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I imagine this midnight moment's forest:Something else is aliveBeside the clock's loneliness
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The Thought Fox is written in first person, omniscient
narration. You can see this by the way the author is
actually involved with the piece, taking a part within the
tale told: 'I imagine.....' line 1
This poem has a dramatic monologue effect, and the
poets use of hook lines, intrigue and encourage the
reader to discover what is in the forest that he tells of.
'Something else is alive
Besides the clocks loneliness
And this blank page where my fingers move.'
Here the poet has used enjambment for a pausing
effect, and this is a controlled energy, with a vibrant
immediacy. His personification of the clock being lonely
is hiding a double meaning, the clock being his brain,
The Thought Fox is another of his 6 stanza poems each
containing the four-line format. In the 2nd stanza the poet
uses his poet licence.
'Through the window I see no star.'
This gives the impression that there is only on star,
however I think that the one star the he is looking for is
the one bright spark of an idea. There is then an air of
mystery brought into play with the poets use of a
caesura at the end of 'star' and the next lines.
'Something more near
Through deeper within the darkness
Is entering the loneliness: '
The tone is changed again to a more faster pace as an
animal is introduced, a fox.
Hughes has used a term called euphony in line 9 along
'Cold, delicately as the dark snow.....'
A melodious sound comes from the words, something I
would associate with snowflakes falling.
In the second half of the third stanza, the focus changes
quite rapidly, however the affects are subtle.
'Two eyes serve a movement, that now
And again now, and now, and now
Sets neat prints in the snow....'
I can see the eyes of the fox now, but I can also see the
eyes of the character. The use of repetition is not just for
effect, it is telling us something more. The character is
trying to remember something and that is the reason for
the repetition, and he is working out in his head how it
would look on the paper. this is what's known as lateral
thought. A way of solving problems by apparently
illogical methods, a thought within a thought process.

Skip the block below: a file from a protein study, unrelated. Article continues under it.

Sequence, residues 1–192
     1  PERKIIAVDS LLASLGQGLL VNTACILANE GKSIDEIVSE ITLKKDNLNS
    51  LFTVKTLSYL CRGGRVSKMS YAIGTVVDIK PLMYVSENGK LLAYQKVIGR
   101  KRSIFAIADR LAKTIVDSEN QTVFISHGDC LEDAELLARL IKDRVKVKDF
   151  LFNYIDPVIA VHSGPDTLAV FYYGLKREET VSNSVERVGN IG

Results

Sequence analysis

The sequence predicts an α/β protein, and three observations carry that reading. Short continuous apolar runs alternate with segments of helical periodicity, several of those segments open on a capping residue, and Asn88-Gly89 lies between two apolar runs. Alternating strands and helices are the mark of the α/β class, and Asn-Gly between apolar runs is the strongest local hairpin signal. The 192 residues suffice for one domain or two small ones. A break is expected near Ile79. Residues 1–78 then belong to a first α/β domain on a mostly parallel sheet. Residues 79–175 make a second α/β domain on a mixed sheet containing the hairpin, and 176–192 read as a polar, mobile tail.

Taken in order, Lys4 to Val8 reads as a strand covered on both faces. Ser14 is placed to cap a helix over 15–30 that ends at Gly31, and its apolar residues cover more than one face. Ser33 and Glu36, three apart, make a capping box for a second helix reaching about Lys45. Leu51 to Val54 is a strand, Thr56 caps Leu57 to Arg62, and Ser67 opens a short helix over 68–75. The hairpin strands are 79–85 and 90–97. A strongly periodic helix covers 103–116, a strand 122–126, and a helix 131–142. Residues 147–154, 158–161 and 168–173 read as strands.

This is where the omniscient narration becomes more
At this point the character knows what is going to happen
thanks to the following:
'Between trees, and warily a lame
Shadow lags by stump and in a hollow
Of a body that is bold to come.'
Hughes uses this term, ' warily a lame ' as though the
animal and the character are unconvinced and the hollow
of the body is the space within his brain. Then again in
line 16, enjambment is used and causes the tone of the
piece to change.
Something is happening, something that poses both fear
'Across clearings, an eye,
A widening deepening greenness.....'
Hughes uses select words which rhyme and contain two
or three syllables to extend the rhyme and to create a
threatening tone, which creeps upon the words, ready
and uncertain for attack.
'Till, with a sudden sharp hot stink of fox
It enters the dark hole of the head'
The shot is released. The tension has climaxed and the
thought has entered his head with the violence of an
Illiteration features heavily, with the use of the animals
description; the sound is quick and instant like the
movement of the fox.
In the last two lines of this piece, the ending is controlled
and closed, and Hughes draws me back to the
beginning two stanzas, making me re-cap on the subject
matter past, of the star, the window and the ticking of the
clock. Once again, I have gone back full circle to the
'The window is starless still; the clock ticks....'
The use of caesura for pause is again, deliberate, and I
am reminded of the actions of the animal after the attack,
and then we have the final kill, the last line is pinnacle.
The prey is dead and so is his thought.
'The page is printed.'
I believe the poem signifies a change of life.
Whilst the poem has a theme of a second event running
through it, the poem contains images you cannot actually
see; yet we know they exist and happened at the same
time. The use of synchronics is a vital addition to the
The rules used are formality and imagery, the control of
speed, littered with metaphor and simile all to create a
deeper picture than the one being initially presented.
Compared to poems like 'Wind' which has a differing
focus with gothic overtone, The Thought Fox has a
vibrant crispness that contains psychological realism,
this is more composing thoughts and words or being
visited by a muse, whereas Wind is a poem of an
element already trying to change thoughts that have
been acted out.